Good Clinical Practice Inspections and Audits
Good Clinical Practice (GCP) inspections and audits are carried out to provide assurance that: the rights, safety and welfare of clinical trial subjects are protected; the data that constitute the results of the trials are accurate and reliable; and the trials are carried out in compliance with relevant legal requirements.
This module describes what investigational medicinal product sponsors, contract research organisations and clinical investigators can expect when they undergo inspection or audit. It focuses in particular on inspection by European and US regulators.
The module describes general principles of GCP inspection and audit, discusses preparation for an inspection, and sets out in detail what European and US FDA inspectors will examine. Finally it describes post-inspection actions by the regulator and the inspected party.
Approximate Course Time: 2.5 hours
CPD Points: 2.5
Audience: Compliance, Manager, Other
Region: USA, Europe
Who will benefit from this module?
This module will benefit all those involved in clinical research who already understand the basics of GCP. It will be of value to staff working in clinical, medical and QA departments of pharmaceutical companies and CROs, to independent clinical research associates, and to healthcare professionals conducting clinical studies.
- Discuss principles of GCP inspections and audits
- Specify activities to be carried out in preparation for an inspection
- Describe what happens when a European regulator inspects the site of a sponsor or contract research organisation
- Describe what happens when a European regulator inspects the site of a clinical investigator
- Describe what happens when the US Food and Drug Administration inspects the site of a sponsor or contract research organisation
- Describe what happens when the US Food and Drug Administration inspects the site of a clinical investigator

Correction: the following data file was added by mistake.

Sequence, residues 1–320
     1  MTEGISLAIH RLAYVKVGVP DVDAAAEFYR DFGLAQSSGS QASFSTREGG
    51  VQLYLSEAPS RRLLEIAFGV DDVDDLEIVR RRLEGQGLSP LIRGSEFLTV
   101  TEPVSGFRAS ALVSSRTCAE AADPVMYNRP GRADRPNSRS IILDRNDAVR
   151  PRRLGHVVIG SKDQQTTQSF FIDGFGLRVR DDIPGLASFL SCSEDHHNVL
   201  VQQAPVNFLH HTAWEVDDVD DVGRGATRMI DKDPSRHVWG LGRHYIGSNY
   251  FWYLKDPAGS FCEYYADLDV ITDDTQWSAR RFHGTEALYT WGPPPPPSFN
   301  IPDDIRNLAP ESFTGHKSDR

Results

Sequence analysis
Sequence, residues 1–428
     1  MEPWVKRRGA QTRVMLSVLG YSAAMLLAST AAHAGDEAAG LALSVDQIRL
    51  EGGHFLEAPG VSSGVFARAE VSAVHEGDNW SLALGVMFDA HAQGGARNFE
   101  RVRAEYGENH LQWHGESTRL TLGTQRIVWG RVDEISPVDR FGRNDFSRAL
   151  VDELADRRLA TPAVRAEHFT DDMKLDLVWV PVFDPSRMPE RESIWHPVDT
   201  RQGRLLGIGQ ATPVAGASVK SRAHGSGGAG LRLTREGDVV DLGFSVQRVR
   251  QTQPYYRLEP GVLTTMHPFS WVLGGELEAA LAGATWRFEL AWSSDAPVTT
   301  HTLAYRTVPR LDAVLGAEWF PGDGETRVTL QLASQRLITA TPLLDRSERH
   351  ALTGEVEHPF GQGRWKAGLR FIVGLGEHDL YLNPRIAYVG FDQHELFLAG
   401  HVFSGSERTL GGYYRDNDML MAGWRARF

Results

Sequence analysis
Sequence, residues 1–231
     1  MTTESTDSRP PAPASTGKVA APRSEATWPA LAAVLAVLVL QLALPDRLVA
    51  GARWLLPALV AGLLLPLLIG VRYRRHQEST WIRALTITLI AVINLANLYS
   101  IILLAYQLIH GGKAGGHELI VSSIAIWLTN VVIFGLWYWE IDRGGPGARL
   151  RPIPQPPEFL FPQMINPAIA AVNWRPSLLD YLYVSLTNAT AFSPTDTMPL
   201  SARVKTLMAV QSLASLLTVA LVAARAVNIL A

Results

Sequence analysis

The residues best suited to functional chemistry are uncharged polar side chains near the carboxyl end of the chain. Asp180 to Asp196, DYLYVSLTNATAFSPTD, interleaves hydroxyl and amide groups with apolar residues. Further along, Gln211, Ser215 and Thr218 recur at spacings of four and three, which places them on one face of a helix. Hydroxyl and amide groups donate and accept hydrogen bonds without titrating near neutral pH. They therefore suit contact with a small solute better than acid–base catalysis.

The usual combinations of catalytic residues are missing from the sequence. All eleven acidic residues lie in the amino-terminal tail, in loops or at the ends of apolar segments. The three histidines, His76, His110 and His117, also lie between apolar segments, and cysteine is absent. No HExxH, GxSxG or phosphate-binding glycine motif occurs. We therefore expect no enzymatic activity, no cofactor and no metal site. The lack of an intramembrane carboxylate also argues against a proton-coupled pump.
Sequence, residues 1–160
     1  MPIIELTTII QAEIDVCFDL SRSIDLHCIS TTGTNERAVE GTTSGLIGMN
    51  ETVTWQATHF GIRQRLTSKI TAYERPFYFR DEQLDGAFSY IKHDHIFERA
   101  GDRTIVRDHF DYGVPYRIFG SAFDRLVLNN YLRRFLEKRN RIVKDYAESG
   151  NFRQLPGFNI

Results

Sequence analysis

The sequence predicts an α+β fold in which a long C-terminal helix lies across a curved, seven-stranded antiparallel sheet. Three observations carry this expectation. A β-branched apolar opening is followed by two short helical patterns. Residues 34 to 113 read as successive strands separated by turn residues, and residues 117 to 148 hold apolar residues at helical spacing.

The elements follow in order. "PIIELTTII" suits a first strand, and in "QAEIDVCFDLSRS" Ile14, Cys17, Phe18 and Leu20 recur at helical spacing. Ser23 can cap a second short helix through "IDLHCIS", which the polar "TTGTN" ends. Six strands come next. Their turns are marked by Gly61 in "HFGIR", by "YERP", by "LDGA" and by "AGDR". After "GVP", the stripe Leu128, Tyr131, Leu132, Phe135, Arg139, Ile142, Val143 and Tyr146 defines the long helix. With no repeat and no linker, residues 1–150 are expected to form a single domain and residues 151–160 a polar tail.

- Specify post-inspection actions by the regulator and the inspected party
Module overview – An outline of the module’s scope and objectives, and notes on terminology.
Principles of GCP inspections and audits – Principles, applicable in any regulatory jurisdiction, of inspections and audits: their purpose, who carries them out, in what circumstances, and their possible consequences; routine versus targeted inspections; system versus study-specific inspections.
Preparing for an inspection – Actions you can take to prepare your site for a GCP inspection, whether you work for a sponsor or CRO or as a clinical investigator.
European regulators’ inspection of sponsor and CRO sites – Procedure for inspection of the site of a sponsor or CRO by the regulatory authority of a member state of the European Economic Area: pre-inspection provision of an inspection request and plan to the inspectee; quality system inspection; study-specific inspection.
European regulators’ inspection of investigator sites – Inspection of legal and administrative aspects, organisational aspects, informed consent provisions, subject data, and management of investigational medicinal products.
FDA inspection of sponsor and CRO sites – An outline of pre-inspection activity among the relevant FDA offices is followed by detailed description of what the inspectors examine as regards organisation and personnel, study registration, selection and monitoring of investigators, study monitoring, quality assurance, safety and adverse event reporting, data collection and handling, record retention, financial disclosure, computer systems, electronic records and signatures, and investigational product.
FDA inspection of investigator sites – An outline of investigators’ legal obligations and the possible scope of an inspection is followed by detailed description of what the inspectors examine as regards authority and administration, clinical protocol, institutional review board, informed consent, source documents, CRFs, financial disclosure, investigational product control, records retention, reports to sponsor, and monitoring.
Action after an inspection or audit – This session describes post-inspection actions by regulators, and responses by inspected parties, with particular reference to European and US regulators: meetings at the close of inspections, inspection reports, classification of findings, responses and action plans, post-inspectional correspondence, and possible consequences of serious deficiencies.
Assessment – Multiple-choice mastery assessment.